On November 2, Andrew Ceresney, the director of the Securities and Exchange Commission’s Enforcement Division (Division), gave a speech highlighting the sweeping changes that have occurred in equity market structure over the past 10 years and how SEC enforcement actions have kept pace with those changes. The Division’s job has been complicated in recent years by the proliferation of exchanges and other trading venues, the increased use of technology and automation with respect to trading, and the increased competition for order flow. Mr. Ceresney gave valuable insight into issues the Division has been and will continue to be committed to addressing, which include lack of fairness in trading venues, the misuse of confidential customer order information, inadequate risk controls by those with direct market access and high-volume manipulative trading.
To ensure fairness in trading venues, Mr. Ceresney noted that the Division focuses on a trading venue’s approach to executing, reporting and regulating trading as well as operational issues. The Division has brought an increasing number of proceedings against exchanges and off-exchange venues. In particular, Mr. Ceresney noted that the SEC imposed a $14 million penalty against two Direct Edge exchanges (to date, the largest penalty the SEC has imposed against an exchange) where certain order types did not comply with rules the SEC has approved for Direct Edge and where Direct Edge selectively disclosed how those order types worked.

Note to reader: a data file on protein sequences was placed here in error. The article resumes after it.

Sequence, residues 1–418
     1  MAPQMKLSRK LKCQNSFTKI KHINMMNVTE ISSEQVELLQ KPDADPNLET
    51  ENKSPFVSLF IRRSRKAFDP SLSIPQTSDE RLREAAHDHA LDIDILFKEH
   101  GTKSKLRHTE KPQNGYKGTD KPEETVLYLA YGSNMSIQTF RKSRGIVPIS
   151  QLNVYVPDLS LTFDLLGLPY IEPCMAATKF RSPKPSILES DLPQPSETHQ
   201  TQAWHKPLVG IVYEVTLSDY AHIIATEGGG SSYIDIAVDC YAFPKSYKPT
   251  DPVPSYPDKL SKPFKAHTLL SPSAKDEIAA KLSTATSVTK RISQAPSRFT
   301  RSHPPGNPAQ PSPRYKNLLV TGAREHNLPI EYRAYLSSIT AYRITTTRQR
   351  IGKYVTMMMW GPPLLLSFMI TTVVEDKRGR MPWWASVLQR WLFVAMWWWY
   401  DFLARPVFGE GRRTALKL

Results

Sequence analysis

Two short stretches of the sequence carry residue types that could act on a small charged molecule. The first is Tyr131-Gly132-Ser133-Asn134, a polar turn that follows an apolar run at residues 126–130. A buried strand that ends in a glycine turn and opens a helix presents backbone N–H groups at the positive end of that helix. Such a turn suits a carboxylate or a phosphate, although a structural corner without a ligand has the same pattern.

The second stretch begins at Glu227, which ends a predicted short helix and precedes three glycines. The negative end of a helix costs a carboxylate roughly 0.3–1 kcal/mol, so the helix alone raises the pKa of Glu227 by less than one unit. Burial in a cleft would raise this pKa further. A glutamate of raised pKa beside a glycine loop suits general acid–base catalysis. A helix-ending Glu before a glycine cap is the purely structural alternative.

In order to preserve customer trust, Mr. Ceresney indicated that the Division takes a harsh view of the misuse of confidential customer order information. He detailed a case recently brought by the Division where a firm misused such information to benefit the firm’s proprietary trading scheme. In that case, the firm was required to disgorge $2 million in trading profits and pay an additional $18 million in the form of a penalty.
Enforcement of the market access rule (SEC Rule 15c3-5) has also been a priority of the Division. That rule requires broker-dealers with market access to have systems and procedures to manage financial and regulatory risks associated with direct market access. Mr. Ceresney reiterated the obligation of firms with market access to design controls over their automated trading systems that anticipate mistakes and limit the potential harm caused by those mistakes. Finally, he touted the Division’s enforcement of the market access rule as well as its dedication to curtailing market manipulation by mentioning several cases successfully brought by the Division that resulted in multi-million dollar penalties.
The speech is available here.